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Rise of the Machines: The Effects of Labor-Saving Innovations on Jobs and Wages

Author

Listed:
  • Feng, Andy

    () (Singapore Ministry of Trade and Industry)

  • Graetz, Georg

    () (Uppsala University)

Abstract

How do firms respond to technological advances that facilitate the automation of tasks? Which tasks will they automate, and what types of worker will be replaced as a result? We present a model that distinguishes between a task's engineering complexity and its training requirements. When two tasks are equally complex, firms will automate the task that requires more training and in which labor is hence more expensive. Under quite general conditions this leads to job polarization, a decline in middle wage jobs relative to both high and low wage jobs. Our theory explains recent and historical instances of job polarization as caused by labor-replacing technologies, such as computers, the electric motor, and the steam engine, respectively. The model makes novel predictions regarding occupational training requirements, which we find to be consistent with US data.

Suggested Citation

  • Feng, Andy & Graetz, Georg, 2015. "Rise of the Machines: The Effects of Labor-Saving Innovations on Jobs and Wages," IZA Discussion Papers 8836, Institute for the Study of Labor (IZA).
  • Handle: RePEc:iza:izadps:dp8836
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    References listed on IDEAS

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    1. Arnaud Costinot & Jonathan Vogel, 2010. "Matching and Inequality in the World Economy," Journal of Political Economy, University of Chicago Press, vol. 118(4), pages 747-786, August.
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    9. Guido Matias Cortes, 2016. "Where Have the Middle-Wage Workers Gone? A Study of Polarization Using Panel Data," Journal of Labor Economics, University of Chicago Press, vol. 34(1), pages 63-105.
    10. Guy Michaels & Ashwini Natraj & John Van Reenen, 2014. "Has ICT Polarized Skill Demand? Evidence from Eleven Countries over Twenty-Five Years," The Review of Economics and Statistics, MIT Press, vol. 96(1), pages 60-77, March.
    11. Michael Elsby & Bart Hobijn & Ayseful Sahin, 2013. "The Decline of the U.S. Labor Share," Brookings Papers on Economic Activity, Economic Studies Program, The Brookings Institution, vol. 44(2 (Fall)), pages 1-63.
    12. Chari, V V & Hopenhayn, Hugo, 1991. "Vintage Human Capital, Growth, and the Diffusion of New Technology," Journal of Political Economy, University of Chicago Press, vol. 99(6), pages 1142-1165, December.
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    Citations

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    Cited by:

    1. Edwards, T. Huw & Perroni, Carlo, 2014. "Market Integration, Wage Concentration, and the Cost and Volume of Traded Machines," CAGE Online Working Paper Series 203, Competitive Advantage in the Global Economy (CAGE).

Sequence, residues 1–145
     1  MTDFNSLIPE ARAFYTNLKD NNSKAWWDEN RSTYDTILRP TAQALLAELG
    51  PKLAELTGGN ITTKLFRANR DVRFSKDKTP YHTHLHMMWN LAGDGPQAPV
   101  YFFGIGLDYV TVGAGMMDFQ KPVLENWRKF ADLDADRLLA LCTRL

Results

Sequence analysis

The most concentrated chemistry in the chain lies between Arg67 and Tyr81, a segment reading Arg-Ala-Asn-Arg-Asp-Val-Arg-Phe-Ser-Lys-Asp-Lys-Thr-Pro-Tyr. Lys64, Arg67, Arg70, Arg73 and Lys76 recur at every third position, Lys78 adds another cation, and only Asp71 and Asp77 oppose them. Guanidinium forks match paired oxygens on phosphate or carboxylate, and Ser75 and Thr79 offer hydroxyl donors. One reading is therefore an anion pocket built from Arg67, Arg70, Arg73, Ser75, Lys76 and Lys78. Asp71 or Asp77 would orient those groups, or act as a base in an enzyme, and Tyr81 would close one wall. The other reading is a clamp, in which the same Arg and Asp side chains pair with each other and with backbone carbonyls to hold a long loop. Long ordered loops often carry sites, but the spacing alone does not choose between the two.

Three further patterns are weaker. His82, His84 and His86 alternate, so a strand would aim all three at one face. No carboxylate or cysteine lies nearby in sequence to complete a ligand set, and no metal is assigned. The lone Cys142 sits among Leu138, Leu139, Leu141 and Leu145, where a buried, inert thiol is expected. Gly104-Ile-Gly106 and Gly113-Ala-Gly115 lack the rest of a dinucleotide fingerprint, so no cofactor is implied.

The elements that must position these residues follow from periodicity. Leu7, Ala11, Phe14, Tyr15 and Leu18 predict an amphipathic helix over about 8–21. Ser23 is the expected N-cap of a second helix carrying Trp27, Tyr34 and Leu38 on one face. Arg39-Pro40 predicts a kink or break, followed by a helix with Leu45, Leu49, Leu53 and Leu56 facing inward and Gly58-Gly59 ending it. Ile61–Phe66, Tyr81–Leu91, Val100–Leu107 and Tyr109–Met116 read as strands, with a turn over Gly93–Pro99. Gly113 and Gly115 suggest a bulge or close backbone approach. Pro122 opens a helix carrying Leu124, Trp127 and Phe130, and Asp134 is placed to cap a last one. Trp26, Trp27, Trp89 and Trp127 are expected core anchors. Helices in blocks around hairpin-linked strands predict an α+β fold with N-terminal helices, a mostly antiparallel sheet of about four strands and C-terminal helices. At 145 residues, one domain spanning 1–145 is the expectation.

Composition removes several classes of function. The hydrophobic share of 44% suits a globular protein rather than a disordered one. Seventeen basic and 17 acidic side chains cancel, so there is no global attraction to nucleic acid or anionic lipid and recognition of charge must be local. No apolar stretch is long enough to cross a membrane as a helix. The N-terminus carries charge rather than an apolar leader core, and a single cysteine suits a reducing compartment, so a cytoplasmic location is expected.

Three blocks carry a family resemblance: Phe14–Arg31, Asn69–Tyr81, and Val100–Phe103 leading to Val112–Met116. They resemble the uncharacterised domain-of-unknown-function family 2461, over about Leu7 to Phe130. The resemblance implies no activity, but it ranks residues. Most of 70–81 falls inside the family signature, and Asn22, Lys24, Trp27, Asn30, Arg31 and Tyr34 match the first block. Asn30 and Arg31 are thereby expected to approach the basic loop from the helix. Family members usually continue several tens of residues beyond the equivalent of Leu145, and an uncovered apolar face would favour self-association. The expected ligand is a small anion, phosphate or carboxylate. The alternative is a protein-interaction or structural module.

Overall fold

2. repec:ucp:jhucap:doi:10.1086/697242 is not listed on IDEAS
    3. Tschirley, David & Reardon, Thomas, 2016. "Impact on Employment and Migration of Structural and Rural Transformation," Food Security International Development Working Papers 245895, Michigan State University, Department of Agricultural, Food, and Resource Economics.
    4. Zsófia L. Bárány & Christian Siegel, 2018. "Job Polarization and Structural Change," American Economic Journal: Macroeconomics, American Economic Association, vol. 10(1), pages 57-89, January.
    5. Georg Graetz & Guy Michaels, 2018. "Robots at Work," The Review of Economics and Statistics, MIT Press, vol. 100(5), pages 753-768, December.
    6. Böhm, Michael, 2014. "The Wage Effects of Job Polarization: Evidence from the Allocation of Talents," Annual Conference 2014 (Hamburg): Evidence-based Economic Policy 100547, Verein für Socialpolitik / German Economic Association.
    7. repec:gam:jsusta:v:10:y:2018:i:4:p:1186-:d:141119 is not listed on IDEAS
    8. Zsófia L. Bárány & Christian Siegel, 2018. "Job Polarization and Structural Change," American Economic Journal: Macroeconomics, American Economic Association, vol. 10(1), pages 57-89, January.
    9. Wan-Jung Cheng, 2017. "Explaining Job Polarization: The Role of Heterogeneity in Capital Intensity," IEAS Working Paper : academic research 17-A015, Institute of Economics, Academia Sinica, Taipei, Taiwan, revised Feb 2018.
    10. Daron Acemoglu & Pascual Restrepo, 2018. "Low-Skill and High-Skill Automation," Journal of Human Capital, University of Chicago Press, vol. 12(2), pages 204-232.
    11. Gustavsson, Magnus, 2017. "Is Job Polarization a Recent Phenomenon? Evidence from Sweden, 1950–2013, and a Comparison to the United States," Working Paper Series 2017:14, Uppsala University, Department of Economics.

    More about this item

    Keywords

    automation; job polarization; technical change; wage inequality; training;

    JEL classification:

    • E25 - Macroeconomics and Monetary Economics - - Consumption, Saving, Production, Employment, and Investment - - - Aggregate Factor Income Distribution
    • J23 - Labor and Demographic Economics - - Demand and Supply of Labor - - - Labor Demand
    • J31 - Labor and Demographic Economics - - Wages, Compensation, and Labor Costs - - - Wage Level and Structure; Wage Differentials
    • M53 - Business Administration and Business Economics; Marketing; Accounting; Personnel Economics - - Personnel Economics - - - Training
    • O33 - Economic Development, Innovation, Technological Change, and Growth - - Innovation; Research and Development; Technological Change; Intellectual Property Rights - - - Technological Change: Choices and Consequences; Diffusion Processes

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